In general, one suffering from BPH should avoid garlic, onions, and alcohol. Because of both the udavarta, ranjaka pitta, and ama rakta (impure and hot blood), treatment would have to incorporate both a vata- and a pitta-balancing approach. If the constitution and season were both pitta (i.e., summer season), then refer to the pitta-reducing diet (see The 3-Season Diet); if the body type is vata in the vata (winter) season, then refer to the vata-reducing diet. If neither of these is the case then you must determine which imbalance is primary: vata or pitta.

Follow the pitta diet if the following associated factors apply: heartburn, acidity, yellow urine and stools, reddish whites of eyes, anger, skin rash, craving sugar, loose stools, and an aversion to heat.

Follow the vata diet if the following factors apply: low back pain, constipation or incomplete elimination, dry skin, sleep disturbance, fear and anxiety.

Herbal Medicine

For the Apana Vata

  1.  Equal parts ashwaganda (Withania somnifera), shatavari (Asparagus racemosa), and gokushura (Tribulis terrestris). Take 1 teaspoon with hot water, 3 times per day anytime*.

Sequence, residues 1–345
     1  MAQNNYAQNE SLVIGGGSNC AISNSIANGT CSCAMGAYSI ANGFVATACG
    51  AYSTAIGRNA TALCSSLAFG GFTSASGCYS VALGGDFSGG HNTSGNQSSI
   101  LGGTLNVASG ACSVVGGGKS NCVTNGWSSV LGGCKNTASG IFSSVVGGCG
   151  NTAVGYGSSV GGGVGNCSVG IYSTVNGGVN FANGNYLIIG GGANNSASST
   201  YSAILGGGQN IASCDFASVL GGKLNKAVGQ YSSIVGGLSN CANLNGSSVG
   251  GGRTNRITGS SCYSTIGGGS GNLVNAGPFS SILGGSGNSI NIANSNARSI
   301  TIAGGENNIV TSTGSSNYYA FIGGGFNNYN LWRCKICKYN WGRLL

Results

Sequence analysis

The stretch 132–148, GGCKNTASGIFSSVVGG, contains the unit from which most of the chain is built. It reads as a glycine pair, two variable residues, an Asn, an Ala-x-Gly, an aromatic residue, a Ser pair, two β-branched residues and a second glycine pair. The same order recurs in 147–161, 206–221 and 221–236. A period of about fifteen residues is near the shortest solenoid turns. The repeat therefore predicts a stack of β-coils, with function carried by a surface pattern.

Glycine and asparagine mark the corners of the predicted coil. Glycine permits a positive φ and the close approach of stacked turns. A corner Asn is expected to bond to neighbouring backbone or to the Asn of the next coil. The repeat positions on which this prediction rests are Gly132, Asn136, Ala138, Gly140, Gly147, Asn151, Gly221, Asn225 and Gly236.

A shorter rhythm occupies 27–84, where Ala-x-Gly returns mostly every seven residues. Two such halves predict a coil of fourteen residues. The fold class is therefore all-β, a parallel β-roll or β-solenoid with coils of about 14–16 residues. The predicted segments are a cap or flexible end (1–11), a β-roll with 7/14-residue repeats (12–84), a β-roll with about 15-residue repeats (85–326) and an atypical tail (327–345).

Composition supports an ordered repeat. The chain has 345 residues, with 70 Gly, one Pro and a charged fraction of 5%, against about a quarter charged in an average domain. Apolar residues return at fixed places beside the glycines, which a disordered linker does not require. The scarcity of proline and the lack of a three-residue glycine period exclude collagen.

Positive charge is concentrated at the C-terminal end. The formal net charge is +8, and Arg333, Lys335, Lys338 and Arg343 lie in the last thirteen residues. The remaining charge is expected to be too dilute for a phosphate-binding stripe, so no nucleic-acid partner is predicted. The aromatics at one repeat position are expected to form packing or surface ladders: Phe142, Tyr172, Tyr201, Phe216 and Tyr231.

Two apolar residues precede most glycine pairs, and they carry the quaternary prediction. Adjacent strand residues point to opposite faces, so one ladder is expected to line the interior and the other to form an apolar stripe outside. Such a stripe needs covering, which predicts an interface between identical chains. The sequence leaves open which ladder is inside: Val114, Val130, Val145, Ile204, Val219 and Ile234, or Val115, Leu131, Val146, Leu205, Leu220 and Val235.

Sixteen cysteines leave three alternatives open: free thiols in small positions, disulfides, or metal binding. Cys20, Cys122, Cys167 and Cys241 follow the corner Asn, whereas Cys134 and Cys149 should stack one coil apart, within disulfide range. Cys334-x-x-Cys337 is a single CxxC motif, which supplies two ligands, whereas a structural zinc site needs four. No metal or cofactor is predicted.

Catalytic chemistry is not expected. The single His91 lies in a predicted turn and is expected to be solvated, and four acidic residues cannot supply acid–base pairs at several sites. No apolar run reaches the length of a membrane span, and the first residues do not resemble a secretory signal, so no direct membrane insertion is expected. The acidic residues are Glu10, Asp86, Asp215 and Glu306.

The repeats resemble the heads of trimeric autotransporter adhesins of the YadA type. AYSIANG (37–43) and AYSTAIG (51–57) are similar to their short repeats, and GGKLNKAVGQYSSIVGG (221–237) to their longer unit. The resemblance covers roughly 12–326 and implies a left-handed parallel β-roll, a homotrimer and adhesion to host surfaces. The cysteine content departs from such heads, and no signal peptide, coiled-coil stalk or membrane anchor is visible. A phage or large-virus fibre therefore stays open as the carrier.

2.  Oleation and purgation. Take increasing amount of ghee each day for four days (2-4-6-8 teaspoons) first thing in the morning, with hot water. On the evening of the fourth day take 6 teaspoons of castor oil. This will produce a laxative effect and anchor the apana vata. Do this once a month for three months. During this time eat lightly and sip hot water every 1/2 hour for up to one week after laxative*.
  3.  Purnavarna. 1/2 teaspoon twice per day with hot water or ghee anytime*.
  4.  Equal parts amalaki (Emblica officinalis) and gokshura (Tribulis terrestris) and 1/2 part cardamom powder and pinch of saffron. Take 1 tsp 3 times per day with hot water or rose water*.

For the Ranjaka Pitta (inflammatory process)

  1.  Equal parts shilajit (Asphaltum) and guggul (Commiphora mukul). Take 1 teaspoon with honey 2 times per day after meals*.